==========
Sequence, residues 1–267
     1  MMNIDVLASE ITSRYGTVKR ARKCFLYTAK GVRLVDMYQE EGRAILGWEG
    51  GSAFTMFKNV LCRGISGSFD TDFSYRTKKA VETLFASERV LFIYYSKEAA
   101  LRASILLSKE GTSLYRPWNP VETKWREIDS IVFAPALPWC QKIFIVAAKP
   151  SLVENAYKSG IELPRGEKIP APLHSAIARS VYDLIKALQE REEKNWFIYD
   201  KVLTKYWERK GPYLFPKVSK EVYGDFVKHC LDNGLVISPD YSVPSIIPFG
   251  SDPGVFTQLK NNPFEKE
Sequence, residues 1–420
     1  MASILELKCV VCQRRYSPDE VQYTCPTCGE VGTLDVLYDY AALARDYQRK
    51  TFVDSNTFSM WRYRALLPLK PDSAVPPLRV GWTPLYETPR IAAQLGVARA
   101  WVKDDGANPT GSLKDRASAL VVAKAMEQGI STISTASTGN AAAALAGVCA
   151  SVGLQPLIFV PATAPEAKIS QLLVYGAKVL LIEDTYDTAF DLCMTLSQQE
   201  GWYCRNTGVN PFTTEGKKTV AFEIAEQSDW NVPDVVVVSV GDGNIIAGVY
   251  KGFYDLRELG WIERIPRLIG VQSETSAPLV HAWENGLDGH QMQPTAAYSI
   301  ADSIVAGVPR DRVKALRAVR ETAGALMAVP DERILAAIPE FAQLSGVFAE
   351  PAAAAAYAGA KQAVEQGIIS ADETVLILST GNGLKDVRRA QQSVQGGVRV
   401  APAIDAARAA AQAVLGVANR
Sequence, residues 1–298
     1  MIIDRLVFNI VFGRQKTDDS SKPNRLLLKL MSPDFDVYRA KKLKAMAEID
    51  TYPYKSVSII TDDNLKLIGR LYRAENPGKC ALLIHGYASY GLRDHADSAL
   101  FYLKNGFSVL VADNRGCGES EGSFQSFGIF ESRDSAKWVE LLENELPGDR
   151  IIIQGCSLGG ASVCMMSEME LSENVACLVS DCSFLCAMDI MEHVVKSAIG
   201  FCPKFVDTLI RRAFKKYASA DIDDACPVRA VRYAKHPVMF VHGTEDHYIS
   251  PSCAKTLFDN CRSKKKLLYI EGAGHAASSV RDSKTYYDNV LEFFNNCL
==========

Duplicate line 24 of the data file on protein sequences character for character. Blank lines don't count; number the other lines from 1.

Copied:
   251  PSCAKTLFDN CRSKKKLLYI EGAGHAASSV RDSKTYYDNV LEFFNNCL